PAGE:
Author Helps Four Women Doctors Lead a Four-Week Retreat

This is the cover of the book “Setting the World on Fire: A 4-Week Personal Retreat with Women Doctors of the Church” by Vinita Hampton Wright. The book is edited by Kathleen Finley. (CNS photo courtesy of Ave Maria Press)

“Setting the World on Fire: A 4-Week Personal Retreat with Women Doctors of the Church” by Vinita Hampton Wright. Ave Maria Press (Notre Dame, Indiana, 2022). 181 pages, $18.95.

Because we have limited options for in-person retreats these days, Vinita Wright offers the reader a much-needed opportunity to listen and reflect with the church’s four female physicians. She does this in a clear and articulate way, without being too basic or too specialized, starting with a fine explanation of what a saint is:

“Although every person in God’s family is considered a saint with a small s, some people live in such a way that their imitation of the love of Christ has a great impact on others. … This holiness goes beyond the godliness of saying prayers and maintaining other spiritual practices. … Such a saint relates to others in a truly Christian way: with humility, wisdom, passion and a certain spiritual confidence that enables them to act according to what they feel God asks them to do. Saints are brave but not haughty, resilient but not hardened. Saints often suffer greatly, physically and otherwise.

Emphasize the qualities

She further explains that “Doctors of the Church are given this title because we believe their understanding of spirituality, theology, and the church is timeless and of great benefit to all generations and situations.”

As Wright takes us by the hand to introduce us to these amazing women, she highlights a particular quality in each that may be particularly helpful to the reader, from Saint Thérèse of Lisieux, who shows us how to love God through a small path , to Saint Teresa of Avila, who encourages us to own our unique life with God, to Saint Catherine of Siena, who sets an example of spiritual power in the loving service of God, and to Saint Hildegard of Bingen, who models engaging life with great passion and creativity.

Passages of every woman

For each woman, Wright chooses excellent passages from their own writings, such as that of Teresa of Avila:

“I have often reflected with amazement on the great goodness of God, and my soul has rejoiced at the thought of his great magnificence and mercy. Bless him for all this for it became clear to me that even in this life he did not fail to reward me for any of my good desires.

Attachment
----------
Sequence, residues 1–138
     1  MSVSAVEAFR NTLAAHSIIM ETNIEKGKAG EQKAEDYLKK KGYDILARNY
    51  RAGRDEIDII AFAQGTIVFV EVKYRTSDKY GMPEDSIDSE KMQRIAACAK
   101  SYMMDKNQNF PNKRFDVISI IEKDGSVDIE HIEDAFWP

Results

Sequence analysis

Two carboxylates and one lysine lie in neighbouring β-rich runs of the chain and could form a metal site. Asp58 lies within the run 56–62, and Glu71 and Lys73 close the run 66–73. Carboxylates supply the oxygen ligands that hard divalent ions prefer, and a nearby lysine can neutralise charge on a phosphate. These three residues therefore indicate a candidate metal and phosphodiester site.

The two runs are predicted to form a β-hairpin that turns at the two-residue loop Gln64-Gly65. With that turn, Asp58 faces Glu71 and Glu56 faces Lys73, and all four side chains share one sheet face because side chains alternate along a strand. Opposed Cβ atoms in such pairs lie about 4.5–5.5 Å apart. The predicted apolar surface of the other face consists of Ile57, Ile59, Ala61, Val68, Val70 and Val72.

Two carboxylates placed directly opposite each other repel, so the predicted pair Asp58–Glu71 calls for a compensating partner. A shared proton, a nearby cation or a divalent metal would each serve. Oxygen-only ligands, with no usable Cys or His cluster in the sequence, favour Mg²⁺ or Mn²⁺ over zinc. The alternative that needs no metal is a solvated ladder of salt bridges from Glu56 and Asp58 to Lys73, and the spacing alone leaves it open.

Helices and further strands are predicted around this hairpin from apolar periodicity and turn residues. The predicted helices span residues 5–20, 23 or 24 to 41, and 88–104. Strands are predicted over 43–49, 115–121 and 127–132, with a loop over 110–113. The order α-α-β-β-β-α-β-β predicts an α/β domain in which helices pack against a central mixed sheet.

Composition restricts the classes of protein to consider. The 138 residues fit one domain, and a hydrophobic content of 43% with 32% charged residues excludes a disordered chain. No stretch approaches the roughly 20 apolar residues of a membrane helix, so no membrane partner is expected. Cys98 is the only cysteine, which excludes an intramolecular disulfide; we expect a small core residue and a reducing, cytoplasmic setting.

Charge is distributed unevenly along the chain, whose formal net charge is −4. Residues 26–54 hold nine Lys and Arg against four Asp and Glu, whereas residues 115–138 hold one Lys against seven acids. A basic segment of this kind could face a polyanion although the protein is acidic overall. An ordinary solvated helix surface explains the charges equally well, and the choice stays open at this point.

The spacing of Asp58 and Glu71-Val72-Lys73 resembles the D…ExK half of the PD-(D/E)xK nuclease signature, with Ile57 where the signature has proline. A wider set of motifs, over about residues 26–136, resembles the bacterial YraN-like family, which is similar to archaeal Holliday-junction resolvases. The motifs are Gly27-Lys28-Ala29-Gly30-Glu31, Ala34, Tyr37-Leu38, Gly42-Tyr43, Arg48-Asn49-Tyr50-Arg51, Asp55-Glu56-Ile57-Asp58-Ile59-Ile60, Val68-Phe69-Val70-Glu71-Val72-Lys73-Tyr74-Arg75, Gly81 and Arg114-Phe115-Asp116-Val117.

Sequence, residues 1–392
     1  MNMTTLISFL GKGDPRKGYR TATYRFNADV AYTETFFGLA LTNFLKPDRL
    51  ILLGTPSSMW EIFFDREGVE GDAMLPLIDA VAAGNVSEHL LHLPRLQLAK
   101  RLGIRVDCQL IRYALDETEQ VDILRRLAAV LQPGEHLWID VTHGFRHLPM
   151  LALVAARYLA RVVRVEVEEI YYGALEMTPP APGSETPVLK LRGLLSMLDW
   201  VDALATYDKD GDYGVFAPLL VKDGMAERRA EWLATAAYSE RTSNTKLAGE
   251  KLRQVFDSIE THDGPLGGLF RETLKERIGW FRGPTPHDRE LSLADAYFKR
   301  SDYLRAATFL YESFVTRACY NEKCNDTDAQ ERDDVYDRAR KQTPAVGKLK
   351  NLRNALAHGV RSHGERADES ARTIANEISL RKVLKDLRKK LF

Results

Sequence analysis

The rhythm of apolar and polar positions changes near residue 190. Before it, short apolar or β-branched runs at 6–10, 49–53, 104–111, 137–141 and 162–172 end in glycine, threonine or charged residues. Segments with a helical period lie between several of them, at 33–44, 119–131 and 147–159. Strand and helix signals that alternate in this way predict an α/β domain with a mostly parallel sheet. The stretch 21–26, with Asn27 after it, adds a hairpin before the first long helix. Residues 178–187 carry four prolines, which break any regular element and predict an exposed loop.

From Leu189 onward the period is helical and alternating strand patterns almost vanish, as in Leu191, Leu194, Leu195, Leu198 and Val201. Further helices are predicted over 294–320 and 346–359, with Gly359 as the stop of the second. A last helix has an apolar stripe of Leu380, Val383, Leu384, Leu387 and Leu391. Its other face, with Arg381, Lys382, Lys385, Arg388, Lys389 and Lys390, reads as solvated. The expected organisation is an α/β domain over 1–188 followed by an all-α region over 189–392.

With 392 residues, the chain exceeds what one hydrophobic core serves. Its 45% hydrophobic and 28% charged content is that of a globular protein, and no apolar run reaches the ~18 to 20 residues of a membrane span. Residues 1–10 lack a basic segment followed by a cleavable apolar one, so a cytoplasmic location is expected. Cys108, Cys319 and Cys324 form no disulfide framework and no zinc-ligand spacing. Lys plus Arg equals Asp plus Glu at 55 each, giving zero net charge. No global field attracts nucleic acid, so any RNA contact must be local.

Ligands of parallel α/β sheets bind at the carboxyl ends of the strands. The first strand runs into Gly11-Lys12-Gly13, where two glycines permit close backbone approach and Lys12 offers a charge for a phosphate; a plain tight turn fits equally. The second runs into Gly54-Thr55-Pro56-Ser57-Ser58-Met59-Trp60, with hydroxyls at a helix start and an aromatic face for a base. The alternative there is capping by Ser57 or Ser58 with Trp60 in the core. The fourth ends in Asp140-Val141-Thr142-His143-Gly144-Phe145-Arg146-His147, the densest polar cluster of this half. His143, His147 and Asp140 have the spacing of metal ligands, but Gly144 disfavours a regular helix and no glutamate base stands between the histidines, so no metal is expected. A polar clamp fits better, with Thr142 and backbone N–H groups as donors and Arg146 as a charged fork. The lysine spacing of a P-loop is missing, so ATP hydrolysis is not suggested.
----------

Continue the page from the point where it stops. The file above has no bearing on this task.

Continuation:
She goes on to say that God graciously overlooked her faults and sins.

Wright also quotes Hildegard of Bingen:

“Holy Spirit, quickening life, / moving all things, the root of all creation, / who washes all things of impurity, / takes away sins and soothes wounds / who causes light and praiseworthy life to shine, / awakens and reawakens all things.

Wright often summarizes and applies the ideas of these wise women to our lives. For example, referring to Catherine of Siena:

“St. Catherine urged people to see the truth about their lives and the abundant love of God. She knew that a person could not bear the truth unless they felt secure in the love and purpose of God. If I trust in God’s mercy toward me, then I can face the truth of my faults, sins, weaknesses, errors, and misperceptions. God’s love creates a safe place in which I can look honestly and look at the world Catherine’s understanding of God’s unlimited mercy has fueled the courage of people throughout the centuries: the courage to speak the truth, to change their ways, to do the right thing.

lighter ink

The only way to enhance this inspiring look at these four women would have been to use a lighter contrast ink with the black, as sometimes the needed accent almost disappears in the orange ink used for the special sections.

One cannot but agree with the author that “divine love embraced each (of these wise women) in the mystery of her personality, her story, her temperament and her historical situation. It would be interesting to put them all together in one room, wouldn’t it, just to see how these four pardoned lives might interact and what new wonders would result. I suspect they are keeping each other company now, along with the rest of our great cloud of witnesses who have already left this life and gone to be with God in another phase of this existence given to us. In effect.

Finley is the author of several books on practical spirituality, including “The Liturgy of Motherhood: Moments of Grace” and “Savoring God: Praying With All Our Senses,” and previously taught in the University’s Religious Studies Department. Gonzaga.

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